• Bio: Shaun joined RSA directly from university in 2008. RSA is a global general insurance company with a 300 year heritage. During his time at RSA Shaun has had a variety of roles, working across reserving, capital modelling and pricing. Shaun also administers RSA’s UK Actuarial Development Scheme which involves recruiting new interns and graduates, assisting with placement rotations and managing the budget for RSA’s study package to get trainees through the actuarial exams.
  • Organisation: RSA

Shaun Finlay

Why did you choose a career in the actuarial industry?

I studied maths at university and didn’t want to let what I’d learned in my degree go to waste, so I wanted to choose a career that would let me use my maths as much as possible. During a visit to the university careers centre, I was actually handed a copy of the Inside Careers guide to Actuaries. I had a read through the types of work that actuaries get involved and became particularly interested in the roles within general insurance, which had seemed to have a bit more of a commercial and business edge to them.

I felt I fitted the sort of candidate profile the employers were looking for, so I applied to a couple of the graduate jobs in the employer section and was offered a position on the graduate scheme at RSA.

What is a typical day like for you?

My typical day as a pricing consultant is a mixture of working on longer term pricing projects as well as more urgent pricing requests from underwriters. A lot of my time is spent working with insurance underwriters to price and win large commercial contracts, many of them for multi-national companies with a wide range of insurance needs such as commercial property, liability and motor insurance.

A lot of communication is done by phone or email but I try to sit down with the underwriters in our London office as much as possible. There are many specialist software packages that I might use to do various actuarial analyses, but I’m sure a typical day would still involve opening Microsoft Excel at some point.

What skills have you gained since working?

You obviously learn many technical and analytical skills working as an actuary but what I think has surprised me the most is the improvement in other skills people may not necessarily at first associate with actuaries. An actuary isn’t just required to be able to do the tricky technical calculations. The real challenge is to be able to communicate your findings clearly to people who don’t have the same technical background as yourself. Through a mixture of on the job experience and in-house training courses I have learned how to communicate effectively with different types of audiences. I have become much more confident in what I am speaking about, whether it is one-on-one consultations with underwriters or senior management, or presenting in front of larger audiences. The opinion of the actuaries is held in very high regard within the business.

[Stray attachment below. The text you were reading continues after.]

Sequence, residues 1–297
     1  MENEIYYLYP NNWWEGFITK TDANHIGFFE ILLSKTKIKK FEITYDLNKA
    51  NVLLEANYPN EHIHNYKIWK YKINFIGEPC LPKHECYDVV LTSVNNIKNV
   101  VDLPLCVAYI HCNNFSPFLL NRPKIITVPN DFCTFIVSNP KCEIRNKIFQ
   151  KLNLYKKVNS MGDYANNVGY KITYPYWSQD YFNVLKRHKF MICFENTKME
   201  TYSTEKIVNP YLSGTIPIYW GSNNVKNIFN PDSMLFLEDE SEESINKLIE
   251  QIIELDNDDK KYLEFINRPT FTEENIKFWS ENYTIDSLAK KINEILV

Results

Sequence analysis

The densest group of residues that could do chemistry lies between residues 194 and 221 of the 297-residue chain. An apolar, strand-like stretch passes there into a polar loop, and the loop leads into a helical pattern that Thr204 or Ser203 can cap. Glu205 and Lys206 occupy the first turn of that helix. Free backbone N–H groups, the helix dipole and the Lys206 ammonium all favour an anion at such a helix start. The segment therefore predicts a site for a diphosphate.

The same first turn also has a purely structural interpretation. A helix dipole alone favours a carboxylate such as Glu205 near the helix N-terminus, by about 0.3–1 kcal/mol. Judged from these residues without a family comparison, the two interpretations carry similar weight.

What do you enjoy most about your job?

I think what I’ve most enjoyed about my career so far as an actuary is the variety of work and projects I’ve been involved in, all within one company. Previous roles have involved:

  • Estimating the reserves the company needs to hold for claims that are still yet to fully emerge from existing policies.
  • Modelling the capital the company is required to hold to withstand future potential risks to our business, for example, catastrophes such as earthquakes, storms or floods affecting our global property portfolio.
  • Setting the price for motor insurance products. This involved reviewing our rating structures based on claims data and optimising our pricing taking into account market dynamics and competitiveness.

However, what I enjoy about my job doesn’t end within the four walls of the office; London is a big place! I have many good friends at the company who regularly like to go for drinks, meals and theatre trips, as well as go-karting and even ski holidays.

What would you like to achieve in the future?

My next role will be a secondment move into finance as capital management actuary for our group head office. The role will involve working on our regulatory submissions to the PRA as well as working on strategies to optimise our use of capital within the business, which was something I was very interested in doing from when I used to work in capital modelling. Another of my goals is to continue to develop my management experience, which would open doors to leading a larger team.

Do you have any advice for anyone wanting to get into the industry?

In the interviews, as well as establishing you have the numerical ability to succeed as an actuary, employers are focused on looking for new trainees with very strong communication skills. They are looking for candidates who can make reasoned arguments and describe the logical steps they have taken to arrive at their conclusions.
It’s well documented that the exams are very demanding, but many employers offering graduate positions will give you the support you need to get through them.

Being an actuary is a very challenging but ultimately very rewarding career. I use the word challenging in a positive sense here. If you enjoy problem-solving and have the high numerical ability required to become an actuary then this could a great career choice for you.

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